ASFF: It is interesting that in the production notes you mention that Martin Scorsese admitted he still does not understand Bergman’s films. This intellectual approach could mean there is a broader lack of an understanding of the Swedish auteur.
JM:
The funny thing is for my prior Bergman project, we interviewed a lot of international superstar directors, and Scorsese was one of them. They all seemed to be nervous to talk about Bergman, and I remember Ang Lee calling me up the night before I interviewed him: “Can I cancel? I am not a Bergman expert, please, what are the questions going to be?” At the end of every interview people would just relax and say: “Thank God it’s over, did I pass?” 

It was not a test, and these are established superstars of film. Then here in Sweden when I did this project and I spoke with people who worked with Bergman, nobody was nervous because he’s just this guy who made films, who was kind of goofy, and although he could be horribly mean, in Sweden people aren’t afraid to talk about him. There are a lot of weird scholars here too who try to control how we talk about Bergman, in that there is a certain way, which I think is too bad because it is just going to stop people from talking about him at all. 

So what I have tried to do with this film is to lighten up the discourse around Bergman, to say that it’s fine to talk about him, and you can’t ever be wrong. I mean you can be wrong in mispronouncing a title, or a year when a film came out, but what you think of a Bergman film, how could that be wrong? It’s everyone’s own opinion.

ASFF: Whilst we have discussed the human side of Bergman over the intellectual, aside from film as a form of entertainment, can his films help us to understand ourselves and our world more fully?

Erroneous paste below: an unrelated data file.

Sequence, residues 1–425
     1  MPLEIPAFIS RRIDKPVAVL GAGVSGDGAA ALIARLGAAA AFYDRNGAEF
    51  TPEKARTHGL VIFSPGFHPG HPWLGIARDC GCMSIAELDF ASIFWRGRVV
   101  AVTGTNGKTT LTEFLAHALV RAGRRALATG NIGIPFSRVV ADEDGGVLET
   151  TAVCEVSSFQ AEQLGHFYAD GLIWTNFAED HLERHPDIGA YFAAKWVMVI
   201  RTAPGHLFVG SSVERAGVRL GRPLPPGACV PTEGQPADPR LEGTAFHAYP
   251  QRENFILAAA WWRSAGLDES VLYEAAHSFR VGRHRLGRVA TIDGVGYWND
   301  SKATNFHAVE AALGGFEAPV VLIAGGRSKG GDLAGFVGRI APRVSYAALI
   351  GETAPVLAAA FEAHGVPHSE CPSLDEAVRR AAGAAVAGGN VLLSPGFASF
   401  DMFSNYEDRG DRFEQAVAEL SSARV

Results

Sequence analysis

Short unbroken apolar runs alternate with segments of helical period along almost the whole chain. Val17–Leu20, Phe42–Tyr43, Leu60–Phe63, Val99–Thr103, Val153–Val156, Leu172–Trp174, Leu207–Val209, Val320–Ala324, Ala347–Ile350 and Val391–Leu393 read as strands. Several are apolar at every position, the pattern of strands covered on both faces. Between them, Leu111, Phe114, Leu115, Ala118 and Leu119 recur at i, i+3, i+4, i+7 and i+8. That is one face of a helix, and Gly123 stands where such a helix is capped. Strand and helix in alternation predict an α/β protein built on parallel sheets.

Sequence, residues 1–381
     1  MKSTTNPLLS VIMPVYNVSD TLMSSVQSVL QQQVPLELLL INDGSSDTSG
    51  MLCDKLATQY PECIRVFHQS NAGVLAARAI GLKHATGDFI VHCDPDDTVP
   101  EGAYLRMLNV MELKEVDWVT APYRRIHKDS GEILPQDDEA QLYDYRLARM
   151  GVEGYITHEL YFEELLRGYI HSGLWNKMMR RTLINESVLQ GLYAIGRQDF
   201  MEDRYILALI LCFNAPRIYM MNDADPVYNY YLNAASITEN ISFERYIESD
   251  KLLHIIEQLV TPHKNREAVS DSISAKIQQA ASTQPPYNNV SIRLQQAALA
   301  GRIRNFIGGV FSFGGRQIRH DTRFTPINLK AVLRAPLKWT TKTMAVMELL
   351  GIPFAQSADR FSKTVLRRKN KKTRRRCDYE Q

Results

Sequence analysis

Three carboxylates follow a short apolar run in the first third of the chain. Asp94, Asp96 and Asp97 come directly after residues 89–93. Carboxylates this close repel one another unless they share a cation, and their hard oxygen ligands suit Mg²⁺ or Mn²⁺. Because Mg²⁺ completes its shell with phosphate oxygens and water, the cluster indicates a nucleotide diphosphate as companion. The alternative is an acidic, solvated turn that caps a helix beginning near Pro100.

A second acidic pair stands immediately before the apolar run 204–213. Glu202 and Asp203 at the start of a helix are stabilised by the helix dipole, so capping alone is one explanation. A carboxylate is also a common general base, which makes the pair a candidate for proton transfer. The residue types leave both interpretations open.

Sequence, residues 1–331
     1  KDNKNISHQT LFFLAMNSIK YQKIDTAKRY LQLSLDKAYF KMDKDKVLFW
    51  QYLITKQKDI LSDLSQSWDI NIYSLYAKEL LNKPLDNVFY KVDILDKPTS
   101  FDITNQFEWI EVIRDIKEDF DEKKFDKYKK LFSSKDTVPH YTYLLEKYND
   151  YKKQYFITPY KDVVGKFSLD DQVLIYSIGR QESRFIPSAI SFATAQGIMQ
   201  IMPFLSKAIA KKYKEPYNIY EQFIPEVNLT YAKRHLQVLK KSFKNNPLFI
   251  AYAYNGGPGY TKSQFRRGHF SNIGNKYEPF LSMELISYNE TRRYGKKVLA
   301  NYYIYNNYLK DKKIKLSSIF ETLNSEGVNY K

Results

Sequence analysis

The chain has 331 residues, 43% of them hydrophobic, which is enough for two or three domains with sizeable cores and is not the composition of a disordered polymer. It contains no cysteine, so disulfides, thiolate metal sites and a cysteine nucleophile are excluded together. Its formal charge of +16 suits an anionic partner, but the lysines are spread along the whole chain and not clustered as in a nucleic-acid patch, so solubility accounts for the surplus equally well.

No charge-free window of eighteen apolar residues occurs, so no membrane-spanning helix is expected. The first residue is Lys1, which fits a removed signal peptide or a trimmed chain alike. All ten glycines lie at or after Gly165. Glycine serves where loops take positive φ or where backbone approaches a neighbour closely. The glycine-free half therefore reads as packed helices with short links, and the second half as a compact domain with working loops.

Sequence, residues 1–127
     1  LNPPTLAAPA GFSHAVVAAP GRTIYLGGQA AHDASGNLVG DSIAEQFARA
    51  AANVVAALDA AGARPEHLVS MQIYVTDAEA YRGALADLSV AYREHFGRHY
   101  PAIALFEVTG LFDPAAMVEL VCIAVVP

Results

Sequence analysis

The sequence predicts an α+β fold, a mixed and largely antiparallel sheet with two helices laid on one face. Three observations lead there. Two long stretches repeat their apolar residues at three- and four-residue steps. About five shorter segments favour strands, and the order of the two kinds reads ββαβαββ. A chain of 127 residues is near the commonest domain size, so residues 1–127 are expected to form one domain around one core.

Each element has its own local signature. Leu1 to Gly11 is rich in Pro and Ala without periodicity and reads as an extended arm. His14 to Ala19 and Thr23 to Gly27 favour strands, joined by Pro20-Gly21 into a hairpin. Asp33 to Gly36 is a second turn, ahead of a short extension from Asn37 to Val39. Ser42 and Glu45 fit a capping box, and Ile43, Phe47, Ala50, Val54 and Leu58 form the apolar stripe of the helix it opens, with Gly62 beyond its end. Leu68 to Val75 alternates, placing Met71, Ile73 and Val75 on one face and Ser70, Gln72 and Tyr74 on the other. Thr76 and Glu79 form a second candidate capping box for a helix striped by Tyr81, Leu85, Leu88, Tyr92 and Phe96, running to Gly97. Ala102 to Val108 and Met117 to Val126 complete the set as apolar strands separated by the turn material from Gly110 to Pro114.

JM:
Yes, but I also think the themes that he’s talking about are entertaining because if it’s not entertaining, I shut them off. But for me entertainment isn’t laughing my head off, it’s enjoying what I’m watching, and so I think Bergman will help more people than not to understand themselves. He’s incredibly popular in countries that are still quite religious. In South America he has a huge following, and that also made him a little more passé in Sweden because when he was at the height of his career, he was talking about themes of religion and faith that in the 1960s and 1970s were out of fashion here. We are so secularised in Sweden, and so here he perhaps doesn’t help people to understand themselves so much. 

Autumn Sonatais very interesting and has helped me tremendously, and the same with Persona. For me the films where all the leads are women are great. Even if I don’t particularly identify with the characters, it is just wonderful to see women in every millimetre of the film because that is still so unusual, and he was doing this so early on. Even with Summer With Monikaand Sawdust and Tinsel, the women are really strong, and in PersonaThe SilenceCries and Whispers and Autumn Sonata, they are all just women and it is still something we hardly see. Okay,Ocean’s 8came along right and we have Bridesmaids, but we still don’t have any serious films where it’s all just women. 

Bergman – A Year in a Life is released by the BFI in select UK cinemas on 25 January.